Looking for the silences – about masculinity and organisations

Walking along the London South Bank on Sunday evening I passed a restaurant where a group of twenty-something men were standing greeting a number of their mates.  They all hugged and kissed.

For a moment, on seeing the hugs and kisses, I was taken aback and then amused for reacting. But it led me to reflect on what made me feel that discomfort; the social change that has happened and is happening and on what it is to be “acceptably” masculine.  It led me to think about how those social changes may create a more inclusive working culture and power structures which do not exclude.

Another issue swings into play at this point:  I have always had that creeping doubt that fixing women was ever the answer, or went anyway near answering gender inequality.  For instance I argue, not against women networks, but for their being more focused on the politics and power of why women are not well represented.  I am frustrated, too, at the lack of ambition of the 30% Club.  Avivah Wittenberg-Cox sums it all up brilliantly in her recent blog:  Your company doesn’t need a women’s network

So let’s instead look at masculinity and power.  This theme is represented in academic literature by the work of Raewyn Connell who suggested that masculinity – ‘hegemonic masculinity’ structures our thinking and social interactions and holds the status quo in place.  So in relation to organisations examples such as: the long hours culture; the limited acceptance of part-time or flexible working; the implicit disapproval of  maternity leave; the career penalty paid for having children;  the machismo behaviours of senior management meetings; the alpha male ideal, unequal pay and even unconscious bias; – all these phenomenon are rooted in hegemonic masculine structures.

Women, as well as men are ‘victims’ as well as upholders of the status quo which rules some discussions in and others out.  So it is OK to tell women to ‘lean in’ but not OK to question the culture and politics which makes ‘leaning in’ such an astute observation nor is it OK  to consider any alternatives to it that we can invent.  I recall a meeting where I addressed perhaps two hundred people, mostly men, about the need for better gender balance at senior levels.  The only passionately dissenting voice was a woman’s who accused me of wanting to promote women who lacked skills and ability.  In other words “second class citizens” – I proposed nothing of the sort but perhaps most people heard me say that.

Although in order to be a victim, you need to be conscious of it… and this is the point and power of Connell and her associates’ work.  Structure dictates thought and it takes the change agent with courage to set other agendas.   In the 1970s Peter Tatchell stood up for an alternative view of society and was reviled, laughed at and thought a dangerous nut-case.  He carried on.  Today he is honoured as a human rights activist, who brought into the national consciousness ideas which were ruled out by the mainstream; he questioned homophobic hysteria and helped usher in those young men’s freedoms to be affectionate and loving to each other without their masculinity being questioned.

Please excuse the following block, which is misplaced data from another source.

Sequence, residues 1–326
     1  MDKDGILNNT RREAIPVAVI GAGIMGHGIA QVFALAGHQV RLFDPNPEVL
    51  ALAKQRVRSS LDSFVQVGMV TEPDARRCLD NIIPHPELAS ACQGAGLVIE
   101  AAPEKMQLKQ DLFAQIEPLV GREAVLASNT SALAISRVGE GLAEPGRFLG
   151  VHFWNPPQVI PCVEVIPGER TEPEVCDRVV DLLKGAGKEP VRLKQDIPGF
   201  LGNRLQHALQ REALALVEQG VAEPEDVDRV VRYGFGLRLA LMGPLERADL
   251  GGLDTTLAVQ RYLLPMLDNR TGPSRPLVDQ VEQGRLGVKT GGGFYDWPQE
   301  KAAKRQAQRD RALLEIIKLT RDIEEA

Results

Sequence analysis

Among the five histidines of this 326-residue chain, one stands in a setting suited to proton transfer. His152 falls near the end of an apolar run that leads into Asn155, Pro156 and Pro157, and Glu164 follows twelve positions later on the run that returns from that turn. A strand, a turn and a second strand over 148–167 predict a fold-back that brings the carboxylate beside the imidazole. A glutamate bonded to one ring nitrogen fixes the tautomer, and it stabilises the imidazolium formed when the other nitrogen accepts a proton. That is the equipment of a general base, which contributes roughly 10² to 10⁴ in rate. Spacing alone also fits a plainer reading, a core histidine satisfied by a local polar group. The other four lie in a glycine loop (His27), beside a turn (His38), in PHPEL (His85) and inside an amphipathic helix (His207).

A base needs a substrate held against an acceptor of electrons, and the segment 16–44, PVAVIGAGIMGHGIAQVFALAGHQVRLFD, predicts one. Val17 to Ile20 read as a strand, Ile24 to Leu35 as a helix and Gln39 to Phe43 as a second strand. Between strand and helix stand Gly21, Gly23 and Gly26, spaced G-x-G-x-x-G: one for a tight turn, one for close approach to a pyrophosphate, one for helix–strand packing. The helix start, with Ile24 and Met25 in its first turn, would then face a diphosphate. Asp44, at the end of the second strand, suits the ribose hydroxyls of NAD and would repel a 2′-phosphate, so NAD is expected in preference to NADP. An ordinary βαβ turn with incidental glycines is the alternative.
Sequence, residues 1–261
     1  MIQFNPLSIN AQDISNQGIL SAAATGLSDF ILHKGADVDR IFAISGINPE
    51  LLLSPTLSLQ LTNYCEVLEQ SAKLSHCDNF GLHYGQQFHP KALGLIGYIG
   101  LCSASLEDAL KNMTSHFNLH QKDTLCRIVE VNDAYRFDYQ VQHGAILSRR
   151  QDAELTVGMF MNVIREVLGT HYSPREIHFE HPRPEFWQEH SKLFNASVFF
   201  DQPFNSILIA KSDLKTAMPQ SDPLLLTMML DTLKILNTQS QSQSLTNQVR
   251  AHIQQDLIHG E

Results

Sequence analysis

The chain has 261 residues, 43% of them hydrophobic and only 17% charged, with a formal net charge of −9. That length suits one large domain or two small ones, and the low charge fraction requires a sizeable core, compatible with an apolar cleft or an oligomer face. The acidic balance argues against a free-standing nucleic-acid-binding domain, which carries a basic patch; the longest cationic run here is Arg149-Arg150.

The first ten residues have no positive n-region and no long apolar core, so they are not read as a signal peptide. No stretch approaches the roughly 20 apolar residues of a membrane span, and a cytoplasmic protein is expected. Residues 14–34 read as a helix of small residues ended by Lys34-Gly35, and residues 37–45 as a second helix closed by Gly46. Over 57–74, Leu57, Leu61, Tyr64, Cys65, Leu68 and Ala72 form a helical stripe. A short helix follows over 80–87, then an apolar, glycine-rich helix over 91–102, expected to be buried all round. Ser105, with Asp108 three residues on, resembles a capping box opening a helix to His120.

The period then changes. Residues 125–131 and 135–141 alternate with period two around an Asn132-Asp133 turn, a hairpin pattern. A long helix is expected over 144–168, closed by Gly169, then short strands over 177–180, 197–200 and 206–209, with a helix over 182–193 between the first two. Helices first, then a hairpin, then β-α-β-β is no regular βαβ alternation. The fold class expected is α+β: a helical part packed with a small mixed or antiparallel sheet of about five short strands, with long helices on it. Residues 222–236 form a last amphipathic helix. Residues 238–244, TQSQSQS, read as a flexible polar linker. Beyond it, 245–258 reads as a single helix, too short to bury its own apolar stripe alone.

But how does this all relate back to the organisation?  Well, Diversity & Inclusion professionals just don’t talk enough about men and different sorts of masculinities and we don’t talk enough about how the organisations of today still reflect the masculine organisations of the 19th century which are no longer fit for today’s world.   Still less do we consider the likelihood of alternatives and change.

So how do we create that change?    Bordieu offers insights into the imposition of categories of thoughts and perceptions which limit how we understand and evaluate the world, but just as importantly indicates the possibilities for change that exist outside  the invisible rules and regulations of our cultures.  Financial Times journalist and Anthropologist Gillian Tett says: “Journalist should take nothing for granted but instead, look at all the silences in the world and ask: why?”  She should know: she looked at the silences in the financial world – warning of the potential for disaster, years before the crash.

So if we insert Diversity & Inclusion professionals for ‘Journalists’  we can  understand her suggestion for our own work and start to look carefully at our organisations to see what is left unsaid.


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